Wednesday April 17, 2013 | 01:05 AM

For lamb lovers, spring lamb is highly prized, the meat so tender and sweet. In Maine it's easy to get locally raised, pastured lamb from area farms.  Many of the vendors at farmers’ markets offer lamb, though at this time of year it’s generally frozen.

But depending on harvesting schedules you can get fresh lamb  at variouis farms around Maine.  My favorite sources are Straw Farm, Apple Creek Farm and Crystal Spring Farm.  Occasionally North Haven Island lamb can be found in the markets, and you should definitely try it.  Foggy Meadow, Turner, and Sheep Meadow farms are the main lamb providers on the island.

Grazing lamb at Crystal Springs Farm, Brunswick

Perfect grazing pasture with sea mist and ocean air at Turner Farm on North Haven

Occasionally Sheep Meadow lamb from North Haven is available at Curtis Meats in Warren

The Cabot family at North Haven's Foggy Meadow  Farm produces very good island lamb

I had a leg of lamb from Apple Creek in my freezer and made it the other day.  I’ve found that their lamb is extremely tender and very delicate.   In cooking these heritage breeds I like to keep the recipe simple. 

This leg is from Apple Creek Farm, whose lamb is incredibly tender and sweet; it's available at the Brunswick indoor farmer's market and elsewhere during the spring and  summer.  The potatoes cooked under the lamb emerge filled with delicious lamb flavor

I studded it with garlic, thyme and rosemary, moistened with olive oil and placed over a bed of sliced potatoes arranged in the roasting pan.  Add a little stock to keep the potatoes moist, roast the lamb at 400 degrees, and a leg of around 4 pounds should be done in an hour and a quarter to reach 135 degrees internally.  Then you finish off the potatoes with a heavy sprinkling of Parmesan cheese, giving the potatoes about 10 minutes in the oven to crisp.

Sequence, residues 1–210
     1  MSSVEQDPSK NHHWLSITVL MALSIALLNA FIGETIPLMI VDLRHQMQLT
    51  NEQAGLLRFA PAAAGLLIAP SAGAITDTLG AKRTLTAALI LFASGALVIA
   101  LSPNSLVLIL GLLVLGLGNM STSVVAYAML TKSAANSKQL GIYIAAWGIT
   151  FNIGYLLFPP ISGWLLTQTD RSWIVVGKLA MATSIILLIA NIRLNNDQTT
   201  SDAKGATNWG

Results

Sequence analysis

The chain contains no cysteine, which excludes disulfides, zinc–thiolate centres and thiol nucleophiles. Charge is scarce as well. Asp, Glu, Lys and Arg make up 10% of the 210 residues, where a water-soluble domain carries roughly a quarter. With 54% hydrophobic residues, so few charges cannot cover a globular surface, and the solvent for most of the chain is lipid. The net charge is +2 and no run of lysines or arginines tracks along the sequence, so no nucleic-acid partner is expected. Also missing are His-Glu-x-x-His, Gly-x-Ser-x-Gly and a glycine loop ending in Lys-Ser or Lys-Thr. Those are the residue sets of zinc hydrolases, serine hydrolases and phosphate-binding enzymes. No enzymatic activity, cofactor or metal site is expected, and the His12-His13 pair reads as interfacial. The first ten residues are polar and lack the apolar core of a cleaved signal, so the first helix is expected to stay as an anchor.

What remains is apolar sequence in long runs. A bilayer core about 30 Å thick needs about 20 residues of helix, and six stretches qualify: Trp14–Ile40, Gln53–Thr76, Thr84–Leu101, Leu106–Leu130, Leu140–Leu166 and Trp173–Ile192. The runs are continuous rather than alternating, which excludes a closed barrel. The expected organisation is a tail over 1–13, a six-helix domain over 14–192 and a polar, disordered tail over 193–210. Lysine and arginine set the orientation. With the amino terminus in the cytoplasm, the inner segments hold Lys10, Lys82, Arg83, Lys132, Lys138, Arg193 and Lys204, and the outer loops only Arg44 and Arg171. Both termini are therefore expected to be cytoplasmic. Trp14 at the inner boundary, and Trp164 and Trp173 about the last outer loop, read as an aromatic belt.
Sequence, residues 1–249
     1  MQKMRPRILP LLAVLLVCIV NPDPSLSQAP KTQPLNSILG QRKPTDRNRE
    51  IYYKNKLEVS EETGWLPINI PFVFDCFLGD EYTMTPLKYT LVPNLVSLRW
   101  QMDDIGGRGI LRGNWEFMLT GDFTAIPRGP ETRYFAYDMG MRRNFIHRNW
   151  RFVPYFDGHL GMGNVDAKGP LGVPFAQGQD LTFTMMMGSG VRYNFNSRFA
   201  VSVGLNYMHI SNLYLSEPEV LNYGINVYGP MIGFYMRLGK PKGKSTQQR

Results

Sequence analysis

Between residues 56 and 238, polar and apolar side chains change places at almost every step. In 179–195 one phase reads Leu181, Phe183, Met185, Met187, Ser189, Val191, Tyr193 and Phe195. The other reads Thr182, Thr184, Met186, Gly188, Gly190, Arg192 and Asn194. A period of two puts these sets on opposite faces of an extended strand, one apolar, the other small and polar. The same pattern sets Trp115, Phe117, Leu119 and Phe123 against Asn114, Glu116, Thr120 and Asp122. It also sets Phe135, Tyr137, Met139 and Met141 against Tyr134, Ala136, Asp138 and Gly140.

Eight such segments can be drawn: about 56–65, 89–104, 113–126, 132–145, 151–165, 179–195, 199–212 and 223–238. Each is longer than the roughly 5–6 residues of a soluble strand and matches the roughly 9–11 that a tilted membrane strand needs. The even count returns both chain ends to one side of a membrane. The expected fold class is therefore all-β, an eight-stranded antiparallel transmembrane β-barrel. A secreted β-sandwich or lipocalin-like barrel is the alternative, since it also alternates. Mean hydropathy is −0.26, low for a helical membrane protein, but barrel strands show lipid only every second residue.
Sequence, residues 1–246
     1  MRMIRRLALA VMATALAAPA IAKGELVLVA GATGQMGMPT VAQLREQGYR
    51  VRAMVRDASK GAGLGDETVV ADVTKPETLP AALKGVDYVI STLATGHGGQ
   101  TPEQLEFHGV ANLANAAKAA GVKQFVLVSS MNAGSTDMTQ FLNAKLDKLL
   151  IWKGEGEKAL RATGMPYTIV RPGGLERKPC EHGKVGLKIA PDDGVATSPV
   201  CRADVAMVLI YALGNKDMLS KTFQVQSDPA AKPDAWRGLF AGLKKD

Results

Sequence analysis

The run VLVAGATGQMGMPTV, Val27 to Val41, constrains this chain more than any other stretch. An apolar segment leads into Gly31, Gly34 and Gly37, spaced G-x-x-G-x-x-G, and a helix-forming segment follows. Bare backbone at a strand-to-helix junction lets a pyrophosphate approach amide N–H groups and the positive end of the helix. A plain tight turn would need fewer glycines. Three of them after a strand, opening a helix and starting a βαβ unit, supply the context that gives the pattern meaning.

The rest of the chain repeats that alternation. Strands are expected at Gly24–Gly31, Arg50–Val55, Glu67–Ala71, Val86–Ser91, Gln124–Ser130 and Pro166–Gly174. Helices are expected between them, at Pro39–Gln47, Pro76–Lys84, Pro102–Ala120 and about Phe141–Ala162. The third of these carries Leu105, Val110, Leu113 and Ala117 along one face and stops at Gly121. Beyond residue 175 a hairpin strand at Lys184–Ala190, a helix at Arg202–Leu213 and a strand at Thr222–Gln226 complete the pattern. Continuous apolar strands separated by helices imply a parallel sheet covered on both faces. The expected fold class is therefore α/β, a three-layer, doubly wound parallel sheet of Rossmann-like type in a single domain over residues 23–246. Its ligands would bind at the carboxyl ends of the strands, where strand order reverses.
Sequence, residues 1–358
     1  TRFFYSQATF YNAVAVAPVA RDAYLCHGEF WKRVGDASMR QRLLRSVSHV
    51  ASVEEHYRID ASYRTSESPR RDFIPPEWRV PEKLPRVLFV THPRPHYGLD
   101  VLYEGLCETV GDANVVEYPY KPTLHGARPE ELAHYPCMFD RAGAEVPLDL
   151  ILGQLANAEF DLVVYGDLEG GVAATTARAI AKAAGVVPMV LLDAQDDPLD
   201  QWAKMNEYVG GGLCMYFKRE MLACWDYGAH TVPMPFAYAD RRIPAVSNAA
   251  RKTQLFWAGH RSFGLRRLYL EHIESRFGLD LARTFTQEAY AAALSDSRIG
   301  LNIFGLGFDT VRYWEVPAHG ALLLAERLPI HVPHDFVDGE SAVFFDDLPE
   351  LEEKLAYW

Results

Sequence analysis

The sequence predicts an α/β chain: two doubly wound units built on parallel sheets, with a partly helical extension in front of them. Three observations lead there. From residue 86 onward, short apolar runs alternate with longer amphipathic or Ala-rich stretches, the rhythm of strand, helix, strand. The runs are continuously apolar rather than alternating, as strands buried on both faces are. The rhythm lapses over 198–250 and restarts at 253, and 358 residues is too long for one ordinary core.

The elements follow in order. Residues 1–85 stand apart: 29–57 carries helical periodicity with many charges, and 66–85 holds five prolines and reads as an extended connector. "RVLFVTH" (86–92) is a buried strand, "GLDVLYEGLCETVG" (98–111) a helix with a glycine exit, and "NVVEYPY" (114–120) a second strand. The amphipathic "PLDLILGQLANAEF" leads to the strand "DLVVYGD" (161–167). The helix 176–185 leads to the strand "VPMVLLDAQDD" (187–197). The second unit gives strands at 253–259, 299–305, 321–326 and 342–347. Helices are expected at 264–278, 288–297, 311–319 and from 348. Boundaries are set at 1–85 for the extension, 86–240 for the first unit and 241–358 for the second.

Leg of lamp with Parmesan potatoes
Servings: 4

1 4-pound leg of spring lamb
3 to 4 Yukon gold potatoes, peeled and sliced
Butter
½ cup to 1 cup chicken stock
3 cloves garlic
4 to 5 sprigs thyme and rosemary
Salt and pepper
Olive oil
½ cup grated Parmesan

Preheat oven to 400 degrees.

Slice the potatoes into ¼ inch thick slices and lay, overlapping, into a buttered roasting pan.  An enameled cast-iron roasting pan ( Creuset would be ideal).  Add just enough chicken stock to barely moisten the potatoes.

With a sharp paring knife cut ½-inch deep incisions all over the lamb.  Cut the garlic cloves into slivers and insert.  Chop up some thyme and rosemary and stuff into the holes with the garlic.

With the remaining garlic, smash the clove of garlic (add one more if you like) with the side of a chef’s knife, put into a mortar and pestle and add a generous amount of sea salt.  Pound until it becomes fairly pasty.  Add some olive oil,  chopped thyme and rosemary and continue to work with the pestle until it’s nicely combined into a rough paste. Add more olive oil if needed.  Rub this paste all over the lamb, season it generously with sea salt and black pepper and put over the potatoes.

Roast in the oven for an hour and 15 minutes or until the internal temperature reaches 135 degrees for medium rare.  Remove the lamb to a cutting board and allow to rest.  Meanwhile, sprinkle the cheese over the potatoes and put back in the oven until they’re crusty and lightly browned.
 

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John Golden has written about food, dining and lifestyle subjects for Downeast magazine, the Boston Globe, Cottages and Gardens magazine, Gourmet magazine, Cuisine magazine, the New York Times and the New York Post.

In his highly opinionated blog, John reports on his experiences dining out all over Maine and his visits with food personalities, farmers and farmers’ markets throughout the state.

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